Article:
Final results from these five technology evaluations are due at the end of the year.
Campbell also deployed 13 scientific research buoys ranging from the eastern shore of Nova Scotia to the Davis Strait. Daily images of icebergs were provided to the International Ice Patrol to validate and improve satellite reconnaissance. This effort allowed for real-time tracking and iceberg avoidance. “Varied scales of the operation area were readily available and provided over weekends, holidays and after work hours. This well-received, detailed, exceptional support greatly assisted in our operational planning and was critical to mission success,” Crane said.
Campbell’s crew also contributed to joint search and rescue exercises with the French and Royal Danish navies, facilitated key diplomatic engagements, and supported National Oceanic Atmospheric Administration and International Ice Patrol iceberg research during the 11,500-mile deployment. Campbell became the first 270-foot medium endurance cutter to earn the Arctic Service Medal.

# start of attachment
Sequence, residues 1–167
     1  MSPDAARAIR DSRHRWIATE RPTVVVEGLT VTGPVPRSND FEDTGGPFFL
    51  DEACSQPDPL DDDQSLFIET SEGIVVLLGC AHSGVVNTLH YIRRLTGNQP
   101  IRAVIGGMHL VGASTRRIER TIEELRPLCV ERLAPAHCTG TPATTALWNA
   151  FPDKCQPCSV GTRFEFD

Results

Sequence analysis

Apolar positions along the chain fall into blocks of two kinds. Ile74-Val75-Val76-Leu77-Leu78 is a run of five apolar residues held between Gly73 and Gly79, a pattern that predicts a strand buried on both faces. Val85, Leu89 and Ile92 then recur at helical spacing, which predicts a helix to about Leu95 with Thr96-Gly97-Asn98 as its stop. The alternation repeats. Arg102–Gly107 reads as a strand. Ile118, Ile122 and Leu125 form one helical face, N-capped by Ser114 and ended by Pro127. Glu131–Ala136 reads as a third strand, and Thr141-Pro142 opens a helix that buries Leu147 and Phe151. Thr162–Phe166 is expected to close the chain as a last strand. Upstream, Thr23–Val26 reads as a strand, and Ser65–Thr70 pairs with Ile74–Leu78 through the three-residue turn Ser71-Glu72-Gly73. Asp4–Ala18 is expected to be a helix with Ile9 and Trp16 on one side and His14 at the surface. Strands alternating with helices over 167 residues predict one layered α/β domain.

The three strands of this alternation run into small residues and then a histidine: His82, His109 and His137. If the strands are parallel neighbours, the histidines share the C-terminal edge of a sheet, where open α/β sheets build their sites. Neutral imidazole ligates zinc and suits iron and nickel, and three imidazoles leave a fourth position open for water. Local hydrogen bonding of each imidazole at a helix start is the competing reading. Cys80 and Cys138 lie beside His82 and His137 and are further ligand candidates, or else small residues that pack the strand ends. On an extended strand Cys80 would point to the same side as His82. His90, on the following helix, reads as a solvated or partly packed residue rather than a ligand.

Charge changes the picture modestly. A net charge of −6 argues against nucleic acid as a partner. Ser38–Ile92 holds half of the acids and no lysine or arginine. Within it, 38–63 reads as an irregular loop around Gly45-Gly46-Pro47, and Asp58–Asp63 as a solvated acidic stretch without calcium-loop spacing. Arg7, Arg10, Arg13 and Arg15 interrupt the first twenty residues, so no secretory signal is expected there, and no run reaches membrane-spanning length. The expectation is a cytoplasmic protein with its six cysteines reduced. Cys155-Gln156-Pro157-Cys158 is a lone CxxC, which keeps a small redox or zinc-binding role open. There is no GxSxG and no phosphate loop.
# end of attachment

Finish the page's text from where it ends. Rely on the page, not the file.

“This effort strengthens international partnerships and provides a foundation for standard operations in the rapidly developing Arctic maritime environment,” said Vice Adm. Steven Poulin, commander U.S. Coast Guard Atlantic Area. “As interest and maritime traffic in the area increase, the importance of the U.S. Coast Guard’s interoperability with allied partners becomes more critical to ensuring we protect national and shared security interests. Exercising our unique blend of polar operational capability, regulatory authority, and international leadership across the full spectrum of maritime governance is vital to the future of the Arctic.”
About the Author: Ms. Karin Messenger is the Environment and Waterways and Arctic Domain Lead for the Coast Guard Headquarters Office of Research, Development, Test & Evaluation and Innovation.